New Catholic school takes non-traditional approach

Meridian — What if you were given the chance to create and design a brand-new school? Where would you begin?

Andi Kane, the principal at St. Ignatius Catholic School, started that journey a year ago. She turned her dream school into a reality.

“It was too appealing to turn down,” Kane said. “This fits my personality because I like to create, problem solve and think outside the box.”

Kane previously worked in Spokane for eight years as an assistant principal at St. Aloysius Gonzaga Catholic School before moving to Idaho for her husband’s career.

Andi Kane

“I’m passionate about Catholic school because kids are successful and they’re supported at so many different levels,” she said.

For the past year, Kane conducted research with a group of 12 leaders from the Holy Apostles Catholic Church. The group traveled to schools from San Francisco to Seattle to study and talk with education experts on these teaching techniques:

  • Inquiry-based learning
  • Station-rotation, blended learning
  • Individualized learning plans
  • Flexible learning spaces

“We wanted to look at all the different options and then figure out what would be best for our community,” Kane said. “It was taking what was good and fusing it together.”

The school

St. Ignatius serves students in pre-K through eighth grade and is the Boise-area’s first new Catholic school in 50 years. The school is 55,000 square feet and located next to the Holy Apostles Catholic Church near the intersection of Meridian Road and Chinden Boulevard in Meridian. St. Ignatius is a project of the Holy Apostles Catholic Church, which is the largest Catholic parish in Idaho.

The school cost $12 million, which was raised by the Holy Apostles Catholic Church community and grants. Fundraising for the school started in 2016 and paid for $10.5 million in construction costs and $1.5 million for outdoor equipment, curriculum materials, technology and the library.

Student enrollment is at 410 kids with 25 students per classroom. There are two classes at each grade level. The maximum capacity is 490 students. The school staffs 43 people, including 23 educators.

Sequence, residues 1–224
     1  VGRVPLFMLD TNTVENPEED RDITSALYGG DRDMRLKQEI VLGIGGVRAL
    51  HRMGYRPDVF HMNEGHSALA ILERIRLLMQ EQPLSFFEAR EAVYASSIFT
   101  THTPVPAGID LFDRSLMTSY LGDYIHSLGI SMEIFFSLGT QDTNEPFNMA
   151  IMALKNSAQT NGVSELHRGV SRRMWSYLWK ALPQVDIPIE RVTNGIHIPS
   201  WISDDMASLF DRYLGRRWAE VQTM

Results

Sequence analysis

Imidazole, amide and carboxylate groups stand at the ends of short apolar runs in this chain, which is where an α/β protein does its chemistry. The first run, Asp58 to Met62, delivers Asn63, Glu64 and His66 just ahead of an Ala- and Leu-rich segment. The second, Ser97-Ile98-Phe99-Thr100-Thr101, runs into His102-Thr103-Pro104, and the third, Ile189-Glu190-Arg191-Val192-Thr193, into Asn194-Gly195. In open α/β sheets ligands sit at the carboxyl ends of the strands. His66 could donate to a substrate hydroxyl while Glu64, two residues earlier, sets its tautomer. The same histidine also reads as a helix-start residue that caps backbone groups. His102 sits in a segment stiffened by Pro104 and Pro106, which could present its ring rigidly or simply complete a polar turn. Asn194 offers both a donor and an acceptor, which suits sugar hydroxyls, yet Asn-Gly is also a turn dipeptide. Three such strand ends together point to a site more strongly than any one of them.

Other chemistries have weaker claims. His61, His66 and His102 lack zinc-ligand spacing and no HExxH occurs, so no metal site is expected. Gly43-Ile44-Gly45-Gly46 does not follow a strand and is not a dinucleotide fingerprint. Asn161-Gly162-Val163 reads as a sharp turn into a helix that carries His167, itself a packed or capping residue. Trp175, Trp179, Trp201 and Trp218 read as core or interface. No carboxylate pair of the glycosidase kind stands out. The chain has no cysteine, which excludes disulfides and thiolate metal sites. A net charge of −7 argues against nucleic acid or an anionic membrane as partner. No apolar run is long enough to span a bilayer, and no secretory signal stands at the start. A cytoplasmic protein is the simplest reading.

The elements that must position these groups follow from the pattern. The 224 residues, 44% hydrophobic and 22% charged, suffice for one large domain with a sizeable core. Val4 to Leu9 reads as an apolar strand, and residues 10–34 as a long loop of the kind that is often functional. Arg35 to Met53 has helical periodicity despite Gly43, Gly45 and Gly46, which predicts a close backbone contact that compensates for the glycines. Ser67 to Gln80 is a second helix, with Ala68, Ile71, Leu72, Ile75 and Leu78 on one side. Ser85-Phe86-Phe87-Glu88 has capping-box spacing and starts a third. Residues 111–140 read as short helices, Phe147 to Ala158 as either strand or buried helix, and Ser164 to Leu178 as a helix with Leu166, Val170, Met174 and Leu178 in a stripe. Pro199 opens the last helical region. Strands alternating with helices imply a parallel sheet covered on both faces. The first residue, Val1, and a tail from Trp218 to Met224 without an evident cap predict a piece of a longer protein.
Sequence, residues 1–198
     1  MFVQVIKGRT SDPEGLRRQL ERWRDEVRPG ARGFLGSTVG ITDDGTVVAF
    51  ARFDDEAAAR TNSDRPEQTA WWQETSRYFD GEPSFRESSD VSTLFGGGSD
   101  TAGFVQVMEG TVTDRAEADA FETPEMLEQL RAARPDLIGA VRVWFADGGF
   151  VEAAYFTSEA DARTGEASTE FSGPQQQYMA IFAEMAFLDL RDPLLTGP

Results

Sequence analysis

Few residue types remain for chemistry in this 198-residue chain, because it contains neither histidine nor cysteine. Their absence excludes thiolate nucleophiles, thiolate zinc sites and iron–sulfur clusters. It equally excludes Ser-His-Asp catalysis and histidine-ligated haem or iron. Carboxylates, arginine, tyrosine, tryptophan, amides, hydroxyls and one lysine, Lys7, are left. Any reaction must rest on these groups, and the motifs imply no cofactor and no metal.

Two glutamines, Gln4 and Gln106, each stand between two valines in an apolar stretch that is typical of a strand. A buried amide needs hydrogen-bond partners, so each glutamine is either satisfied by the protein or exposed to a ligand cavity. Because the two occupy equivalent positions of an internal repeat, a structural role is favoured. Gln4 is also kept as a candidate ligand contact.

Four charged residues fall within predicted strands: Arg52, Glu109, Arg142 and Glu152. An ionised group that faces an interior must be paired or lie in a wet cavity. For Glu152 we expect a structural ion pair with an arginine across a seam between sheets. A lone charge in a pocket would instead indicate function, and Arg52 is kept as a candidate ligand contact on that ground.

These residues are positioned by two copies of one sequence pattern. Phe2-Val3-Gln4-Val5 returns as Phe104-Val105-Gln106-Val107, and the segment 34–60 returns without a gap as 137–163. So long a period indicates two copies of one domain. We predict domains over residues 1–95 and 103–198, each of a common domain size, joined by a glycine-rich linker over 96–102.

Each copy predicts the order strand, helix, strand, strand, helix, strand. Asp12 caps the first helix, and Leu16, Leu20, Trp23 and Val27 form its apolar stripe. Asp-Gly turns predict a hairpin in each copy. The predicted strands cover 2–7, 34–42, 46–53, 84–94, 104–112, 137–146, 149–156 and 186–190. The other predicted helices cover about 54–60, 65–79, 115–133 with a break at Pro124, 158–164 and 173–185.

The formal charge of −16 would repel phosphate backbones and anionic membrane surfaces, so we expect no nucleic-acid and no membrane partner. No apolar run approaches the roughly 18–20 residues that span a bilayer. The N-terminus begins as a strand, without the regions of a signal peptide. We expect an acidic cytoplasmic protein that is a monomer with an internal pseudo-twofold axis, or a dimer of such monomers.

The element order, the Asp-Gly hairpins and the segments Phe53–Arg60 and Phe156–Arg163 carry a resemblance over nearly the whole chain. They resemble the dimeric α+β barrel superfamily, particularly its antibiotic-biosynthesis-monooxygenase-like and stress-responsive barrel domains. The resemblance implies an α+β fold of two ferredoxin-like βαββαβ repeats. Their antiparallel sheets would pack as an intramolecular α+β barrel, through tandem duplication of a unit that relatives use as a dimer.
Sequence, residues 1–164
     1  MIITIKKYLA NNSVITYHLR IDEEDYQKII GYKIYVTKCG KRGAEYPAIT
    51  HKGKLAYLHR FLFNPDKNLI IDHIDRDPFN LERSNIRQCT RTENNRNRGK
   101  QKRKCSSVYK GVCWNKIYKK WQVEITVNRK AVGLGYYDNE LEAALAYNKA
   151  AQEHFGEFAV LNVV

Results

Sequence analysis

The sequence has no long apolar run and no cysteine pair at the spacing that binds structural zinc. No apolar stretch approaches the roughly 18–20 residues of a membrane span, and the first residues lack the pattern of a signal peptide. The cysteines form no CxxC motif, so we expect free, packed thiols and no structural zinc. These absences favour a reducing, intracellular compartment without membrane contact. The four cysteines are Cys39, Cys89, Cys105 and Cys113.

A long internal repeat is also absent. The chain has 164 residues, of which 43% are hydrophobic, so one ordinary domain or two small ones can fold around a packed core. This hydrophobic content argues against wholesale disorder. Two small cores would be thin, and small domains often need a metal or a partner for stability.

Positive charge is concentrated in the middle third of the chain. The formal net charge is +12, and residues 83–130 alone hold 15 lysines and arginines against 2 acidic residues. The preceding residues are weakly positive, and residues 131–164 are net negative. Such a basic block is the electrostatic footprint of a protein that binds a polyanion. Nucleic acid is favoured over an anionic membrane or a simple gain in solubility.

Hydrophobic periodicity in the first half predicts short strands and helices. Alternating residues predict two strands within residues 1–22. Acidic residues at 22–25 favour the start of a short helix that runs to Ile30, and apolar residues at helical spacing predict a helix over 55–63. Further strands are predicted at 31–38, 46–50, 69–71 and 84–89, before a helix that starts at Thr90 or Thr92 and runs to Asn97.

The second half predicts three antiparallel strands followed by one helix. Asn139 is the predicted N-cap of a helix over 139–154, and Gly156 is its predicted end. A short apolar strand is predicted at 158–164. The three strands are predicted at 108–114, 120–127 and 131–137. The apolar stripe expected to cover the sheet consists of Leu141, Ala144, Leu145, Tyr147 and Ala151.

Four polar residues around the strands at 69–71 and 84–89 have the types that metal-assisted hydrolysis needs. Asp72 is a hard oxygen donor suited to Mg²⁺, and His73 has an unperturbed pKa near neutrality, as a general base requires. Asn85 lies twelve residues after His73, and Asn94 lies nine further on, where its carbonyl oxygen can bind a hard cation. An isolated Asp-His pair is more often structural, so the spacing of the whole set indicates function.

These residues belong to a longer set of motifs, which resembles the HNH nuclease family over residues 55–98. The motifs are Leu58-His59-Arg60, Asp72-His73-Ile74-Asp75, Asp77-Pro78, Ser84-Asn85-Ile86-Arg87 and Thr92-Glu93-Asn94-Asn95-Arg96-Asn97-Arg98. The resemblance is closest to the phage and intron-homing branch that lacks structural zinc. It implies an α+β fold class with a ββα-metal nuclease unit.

The school features:

  • 20 classrooms, each 900 square feet
  • Flex learning and collaboration space
  • Digital presentation room
  • Library
  • Gym
  • Outdoor field that includes a track
  • Music room
  • Science lab
  • Two maker space labs
  • Two playgrounds
  • Community garden
  • Outdoor learning spaces
  • Math room

Each classroom has a garage door that opens up into the hallway. The hallways are considered flexible-learning space, which is an open seating area where students can meet and work on projects together.

The learning process

You won’t find traditional desks and chairs lined up in rows in the classrooms. Each room has tables and chairs that can move around and be reconfigured for different setups. The purpose is for students to have a flexible learning environment.

“The leaders in catholic education want to see this new approach to education, but you also have the tradition,” Kane said. ” It’s taking the tradition and making it better.”

St. Ignatius’ academic model is an individualized learning plan based on faith, service and social justice.

“It’s good practice in education to have high individualization,” Kane said.

Teachers will focus on inquiry-based learning in science and STEAM (science, technology, engineering, arts and mathematics) instruction. Teachers also are piloting multi-age classrooms where two grade levels combine for instruction.

Each student in grades 4-8 has access to Google Chromebooks and Windows laptops. Students in kindergarten though third grade use Google Chromebooks and iPads in the classroom.

“Technology is key to our blended-learning piece,” Kane said. “You have to have the technology as part of our rotation.”

Annual enrollment is $4,000 for registered parishioners, $4,500 for those registered at another Catholic church in the area, and $5,500 for those who are not registered. Financial aid is available to families.


Andrew Reed

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